Are the media elite beginning to take Sarah Palin seriously? The tide seems to be turning that way after Palin's relentless media assault. Time's Joe Klein said she is "someone to be taken absolutely seriously," and plenty of others are nodding along. Now David Broder, atop his perch at The Washington Post, is hyping her potential. "The lady is good," marvels Broder. "Those who want to stop her will need more ammunition than deriding her habit of writing on her hand." Here's the press corps dean's ringing endorsement:
What stood out in the eyes of TV-watching pols of both parties was the skill with which she drew a self-portrait that fit not just the wishes of the immediate audience but the mood of a significant slice of the broader electorate.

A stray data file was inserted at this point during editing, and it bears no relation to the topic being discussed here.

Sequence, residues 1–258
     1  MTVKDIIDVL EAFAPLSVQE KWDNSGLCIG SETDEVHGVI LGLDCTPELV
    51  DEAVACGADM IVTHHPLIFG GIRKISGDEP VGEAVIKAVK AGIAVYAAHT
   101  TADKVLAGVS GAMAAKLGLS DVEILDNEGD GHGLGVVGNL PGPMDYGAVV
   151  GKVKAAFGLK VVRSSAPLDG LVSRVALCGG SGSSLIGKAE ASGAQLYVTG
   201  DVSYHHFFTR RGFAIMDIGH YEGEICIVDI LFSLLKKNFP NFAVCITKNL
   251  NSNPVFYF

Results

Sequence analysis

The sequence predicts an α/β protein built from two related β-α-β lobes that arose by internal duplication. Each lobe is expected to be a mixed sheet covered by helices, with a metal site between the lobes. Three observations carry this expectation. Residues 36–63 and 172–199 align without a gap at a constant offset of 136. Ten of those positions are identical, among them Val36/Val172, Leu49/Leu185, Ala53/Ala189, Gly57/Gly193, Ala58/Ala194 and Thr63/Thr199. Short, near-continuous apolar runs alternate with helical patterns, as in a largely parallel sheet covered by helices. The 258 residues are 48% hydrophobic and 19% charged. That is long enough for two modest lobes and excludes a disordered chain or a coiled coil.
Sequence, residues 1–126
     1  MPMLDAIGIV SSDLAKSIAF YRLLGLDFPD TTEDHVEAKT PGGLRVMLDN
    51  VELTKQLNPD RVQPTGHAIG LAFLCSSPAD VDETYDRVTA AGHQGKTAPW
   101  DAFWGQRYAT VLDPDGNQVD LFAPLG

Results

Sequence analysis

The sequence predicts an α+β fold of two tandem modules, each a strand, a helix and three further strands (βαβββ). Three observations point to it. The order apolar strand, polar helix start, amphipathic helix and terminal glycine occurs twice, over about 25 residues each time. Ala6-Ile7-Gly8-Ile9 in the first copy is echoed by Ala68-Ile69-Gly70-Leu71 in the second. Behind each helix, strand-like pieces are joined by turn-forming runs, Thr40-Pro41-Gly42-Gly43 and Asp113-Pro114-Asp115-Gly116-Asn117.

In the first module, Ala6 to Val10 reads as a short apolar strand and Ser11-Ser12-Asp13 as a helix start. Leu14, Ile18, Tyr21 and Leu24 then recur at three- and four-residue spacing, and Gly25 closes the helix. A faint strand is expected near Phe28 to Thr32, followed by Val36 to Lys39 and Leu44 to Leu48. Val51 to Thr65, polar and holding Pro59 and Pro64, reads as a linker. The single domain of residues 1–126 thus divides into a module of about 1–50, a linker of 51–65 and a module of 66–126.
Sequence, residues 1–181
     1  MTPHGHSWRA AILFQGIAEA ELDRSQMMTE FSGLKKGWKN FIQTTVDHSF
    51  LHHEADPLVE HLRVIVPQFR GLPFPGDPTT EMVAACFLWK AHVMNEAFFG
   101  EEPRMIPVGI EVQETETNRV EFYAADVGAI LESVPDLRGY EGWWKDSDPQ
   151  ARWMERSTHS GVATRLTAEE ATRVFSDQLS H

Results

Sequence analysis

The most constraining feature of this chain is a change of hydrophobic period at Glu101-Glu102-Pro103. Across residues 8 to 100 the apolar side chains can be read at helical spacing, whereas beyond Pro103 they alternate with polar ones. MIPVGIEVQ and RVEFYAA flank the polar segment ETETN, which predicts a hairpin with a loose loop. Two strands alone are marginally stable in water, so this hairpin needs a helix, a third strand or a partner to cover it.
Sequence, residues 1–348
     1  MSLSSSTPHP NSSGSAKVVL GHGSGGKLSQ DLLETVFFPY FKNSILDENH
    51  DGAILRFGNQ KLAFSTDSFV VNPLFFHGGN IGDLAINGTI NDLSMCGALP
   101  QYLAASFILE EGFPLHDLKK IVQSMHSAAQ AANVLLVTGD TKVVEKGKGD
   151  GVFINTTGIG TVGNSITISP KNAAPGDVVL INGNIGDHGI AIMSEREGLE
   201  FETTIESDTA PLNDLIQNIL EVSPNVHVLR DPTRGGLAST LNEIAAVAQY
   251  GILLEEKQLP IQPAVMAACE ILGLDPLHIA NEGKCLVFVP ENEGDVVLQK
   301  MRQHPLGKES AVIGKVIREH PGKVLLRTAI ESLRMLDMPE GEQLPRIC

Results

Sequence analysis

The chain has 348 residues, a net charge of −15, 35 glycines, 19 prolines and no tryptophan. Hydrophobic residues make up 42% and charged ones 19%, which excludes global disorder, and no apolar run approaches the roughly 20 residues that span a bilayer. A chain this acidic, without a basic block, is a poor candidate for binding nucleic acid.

This is a pitch-perfect recital of the populist message that has worked in campaigns past. There are times when the American people are looking for something more: for an Eisenhower, who liberated Europe; an FDR or a Kennedy or a Bush, all unashamed aristocrats; or an Obama, with eloquence and brains.
But in the present mood of the country, Palin is by all odds a threat to the more uptight Republican aspirants such as Mitt Romney and Tim Pawlenty -- and potentially, to Obama as well.
It's clear what "threat" he's alluding to--a rumored run for president.
This article is from the archive of our partner The Wire.